A few years ago, in a research project underwritten by the CEOs of some of the largest, most powerful companies in the United States, professors at a prestigious business school were charged with the task of designing the corporation of the future. The professors worked on the project long and hard, drawing organizational charts to depict how the next-generation company would look. There was one problem: None of the schemes had a role for a CEO. The corporation of the future, it appeared, didn't need an old-fashioned CEO stationed at the top. And that, of course, made it impossible for the professors to report their findings to the project's sponsors.
In this issue's provocative cover package, we've more or less arrived at the same conclusion. The old-economy CEO model simply doesn't fit the demands of the new-economy company. Nor does it describe the actual work of today's CEO. But just as interesting, there is much work for the CEO to do. In a time of volatility, uncertainty, and confusion, the need for a CEO has gone up, not down. It turns out that what is obsolete is the job description, not the job title.
The old job description made the CEO a tough-as-nails authoritarian. Earning the title of "one of America's 10 toughest bosses" was an unambiguous honor. The single most important person in the company was the man (almost always) at the top: He set the strategy and dictated the direction.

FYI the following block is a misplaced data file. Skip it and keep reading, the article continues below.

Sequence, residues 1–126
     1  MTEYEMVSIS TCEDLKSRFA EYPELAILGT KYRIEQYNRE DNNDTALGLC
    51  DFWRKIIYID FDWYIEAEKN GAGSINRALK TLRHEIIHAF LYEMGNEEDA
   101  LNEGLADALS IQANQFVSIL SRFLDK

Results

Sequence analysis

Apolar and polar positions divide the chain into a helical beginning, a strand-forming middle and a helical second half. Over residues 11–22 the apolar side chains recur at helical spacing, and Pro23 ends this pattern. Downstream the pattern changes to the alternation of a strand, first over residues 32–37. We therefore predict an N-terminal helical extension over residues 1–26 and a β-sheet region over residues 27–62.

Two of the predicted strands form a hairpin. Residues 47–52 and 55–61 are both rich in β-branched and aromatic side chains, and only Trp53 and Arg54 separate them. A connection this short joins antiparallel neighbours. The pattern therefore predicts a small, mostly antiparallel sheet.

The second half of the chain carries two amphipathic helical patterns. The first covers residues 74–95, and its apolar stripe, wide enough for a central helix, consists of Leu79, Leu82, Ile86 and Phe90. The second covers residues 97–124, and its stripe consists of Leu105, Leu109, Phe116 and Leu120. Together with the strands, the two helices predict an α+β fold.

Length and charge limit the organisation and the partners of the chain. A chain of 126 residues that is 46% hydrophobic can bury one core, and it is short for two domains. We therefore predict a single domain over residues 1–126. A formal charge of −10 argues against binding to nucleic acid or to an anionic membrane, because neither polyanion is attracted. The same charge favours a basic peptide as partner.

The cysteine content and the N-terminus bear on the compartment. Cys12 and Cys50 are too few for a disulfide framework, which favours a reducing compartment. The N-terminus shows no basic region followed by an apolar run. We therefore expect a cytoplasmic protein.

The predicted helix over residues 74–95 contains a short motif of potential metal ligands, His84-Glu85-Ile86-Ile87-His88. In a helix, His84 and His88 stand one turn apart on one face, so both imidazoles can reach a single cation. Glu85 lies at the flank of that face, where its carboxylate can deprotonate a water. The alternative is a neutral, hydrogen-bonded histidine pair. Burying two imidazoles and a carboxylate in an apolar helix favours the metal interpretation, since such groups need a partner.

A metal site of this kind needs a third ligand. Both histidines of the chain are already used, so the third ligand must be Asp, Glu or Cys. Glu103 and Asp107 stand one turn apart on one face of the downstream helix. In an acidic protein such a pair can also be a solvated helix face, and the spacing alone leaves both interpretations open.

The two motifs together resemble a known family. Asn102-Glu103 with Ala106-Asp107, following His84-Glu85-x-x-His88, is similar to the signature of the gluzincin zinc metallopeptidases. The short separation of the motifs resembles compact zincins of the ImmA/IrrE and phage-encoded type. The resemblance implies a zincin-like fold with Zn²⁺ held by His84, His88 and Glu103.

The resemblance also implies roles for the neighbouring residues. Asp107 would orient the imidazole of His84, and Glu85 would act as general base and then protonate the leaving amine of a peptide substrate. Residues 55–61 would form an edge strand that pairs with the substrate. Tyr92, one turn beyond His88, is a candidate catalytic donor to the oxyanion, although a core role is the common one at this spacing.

Today, that job description has been redrafted. Toughness, rigor, and drive are still important; results count more than ever. But these days, it's just as important for CEOs to appreciate the links between talent, culture, and performance. More than simply giving orders, CEOs today find themselves giving permission — allowing the smart, motivated, and innovative people who work for them to take calculated risks in order to create the future.
Perhaps more than anything, the CEO of today is a teacher, working tirelessly to grow the skills and aptitudes of the company's best contributors. The job of the CEO is simply to create more CEOs, since CEOs who get it seek to populate the company with people who also get it.
A version of this article appeared in the August 2001 issue of Fast Company magazine.